Look no further than the folding bike if looking for one of the finest machines for commuting, traveling and any number of other mobility uses.
But all folding bikes are not created equal, so let’s have a look at the origin of the species, what to look for, and what’s coming next.
The folding bike origin story
Folding bikes have come to prominence as of late as a fantastic commuter complement. It’s easy to fold up a bike and take it onto a subway or train, using it for the first and last legs of a long journey to work, or adventure. This ease of use, combined with theft prevention and portability has resulted in a renewed interest.
Music fans may have learned about this style of bicycle from iconic musician David Byrne (Talking Heads), who has traveled by his folding bike since the late ’80s so he can tour the cities he visits. He wrote about such travels in his book, Bicycle Diaries.
The roots of folding bikes date back to the turn of the 20th century when it was used in the military thanks to their ability to strap them to the backs of soldiers, or onto parachutes and the like. Apparently, portability is built into the folding bike DNA.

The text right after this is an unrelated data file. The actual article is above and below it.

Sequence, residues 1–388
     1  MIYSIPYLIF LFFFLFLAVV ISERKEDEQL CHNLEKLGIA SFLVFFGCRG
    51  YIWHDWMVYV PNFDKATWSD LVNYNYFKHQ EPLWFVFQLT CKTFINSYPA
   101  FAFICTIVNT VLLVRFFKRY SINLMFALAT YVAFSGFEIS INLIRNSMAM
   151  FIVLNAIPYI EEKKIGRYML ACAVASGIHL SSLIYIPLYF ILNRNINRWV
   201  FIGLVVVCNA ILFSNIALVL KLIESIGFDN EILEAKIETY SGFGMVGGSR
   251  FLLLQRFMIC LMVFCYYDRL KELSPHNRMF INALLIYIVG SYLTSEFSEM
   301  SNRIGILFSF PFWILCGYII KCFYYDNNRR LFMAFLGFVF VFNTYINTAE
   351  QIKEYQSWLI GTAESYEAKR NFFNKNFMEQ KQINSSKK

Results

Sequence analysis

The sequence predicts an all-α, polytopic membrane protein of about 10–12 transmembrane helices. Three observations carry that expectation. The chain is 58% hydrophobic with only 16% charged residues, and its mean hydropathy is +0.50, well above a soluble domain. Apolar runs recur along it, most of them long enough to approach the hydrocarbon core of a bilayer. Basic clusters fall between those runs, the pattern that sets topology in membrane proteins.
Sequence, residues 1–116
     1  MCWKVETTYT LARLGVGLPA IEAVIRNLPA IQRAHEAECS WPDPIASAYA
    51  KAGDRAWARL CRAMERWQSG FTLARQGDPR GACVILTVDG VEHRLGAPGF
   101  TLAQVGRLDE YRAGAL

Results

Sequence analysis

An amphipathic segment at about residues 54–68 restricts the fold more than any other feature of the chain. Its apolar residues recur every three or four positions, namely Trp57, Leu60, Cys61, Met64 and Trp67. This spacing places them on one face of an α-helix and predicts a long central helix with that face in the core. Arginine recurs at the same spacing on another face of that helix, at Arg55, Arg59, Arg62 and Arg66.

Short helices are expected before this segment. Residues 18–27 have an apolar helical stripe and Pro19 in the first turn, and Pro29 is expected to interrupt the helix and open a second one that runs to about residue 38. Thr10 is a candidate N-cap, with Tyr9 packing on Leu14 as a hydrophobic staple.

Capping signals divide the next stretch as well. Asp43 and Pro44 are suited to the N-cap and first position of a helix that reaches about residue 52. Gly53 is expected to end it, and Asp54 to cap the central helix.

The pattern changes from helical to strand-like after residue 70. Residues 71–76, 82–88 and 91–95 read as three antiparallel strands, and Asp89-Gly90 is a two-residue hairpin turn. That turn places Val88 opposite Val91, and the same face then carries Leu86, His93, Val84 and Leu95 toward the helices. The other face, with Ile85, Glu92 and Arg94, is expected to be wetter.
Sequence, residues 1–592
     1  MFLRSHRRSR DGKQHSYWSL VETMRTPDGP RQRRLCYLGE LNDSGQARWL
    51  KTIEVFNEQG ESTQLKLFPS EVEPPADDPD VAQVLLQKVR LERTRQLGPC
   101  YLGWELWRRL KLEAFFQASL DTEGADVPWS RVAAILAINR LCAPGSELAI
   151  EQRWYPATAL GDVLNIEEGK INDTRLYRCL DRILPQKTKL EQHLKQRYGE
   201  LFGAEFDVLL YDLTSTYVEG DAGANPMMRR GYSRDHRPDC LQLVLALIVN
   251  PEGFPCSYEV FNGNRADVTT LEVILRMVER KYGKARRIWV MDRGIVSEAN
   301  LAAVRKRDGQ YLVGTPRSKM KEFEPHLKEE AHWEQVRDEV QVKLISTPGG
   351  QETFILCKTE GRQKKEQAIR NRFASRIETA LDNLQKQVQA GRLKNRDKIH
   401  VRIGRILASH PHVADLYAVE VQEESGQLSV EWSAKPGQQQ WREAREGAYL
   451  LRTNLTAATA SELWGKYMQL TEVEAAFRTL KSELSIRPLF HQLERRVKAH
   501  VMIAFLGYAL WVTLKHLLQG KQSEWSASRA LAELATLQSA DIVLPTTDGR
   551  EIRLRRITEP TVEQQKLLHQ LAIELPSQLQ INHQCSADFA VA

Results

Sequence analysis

By the 70s, the general public became interested en masse, and several bicycle companies began producing folding bikes including Raleigh. In the ’80s, the brands that would begin to define the category were established. Namely, Brompton and Dahon.
Now, folding bikes are still a niche option, but that’s changing, and changing quickly as more people are opting to ditch the automobile and find new commuting options that include mass transit for the bulk of the journey. Most subways and trains have issues with bicycles, especially around rush hour, but many allow folding bikes, such is the case with the London Underground for example, which uses the Brompton’s compact size as the measure for whether or not a mobility device is allowed.
There are now dozens of brands offering folding bikes with options including e-bikes, belt drives, chains, full-size, super lightweight, and more. There are also different types of folds and much more to consider.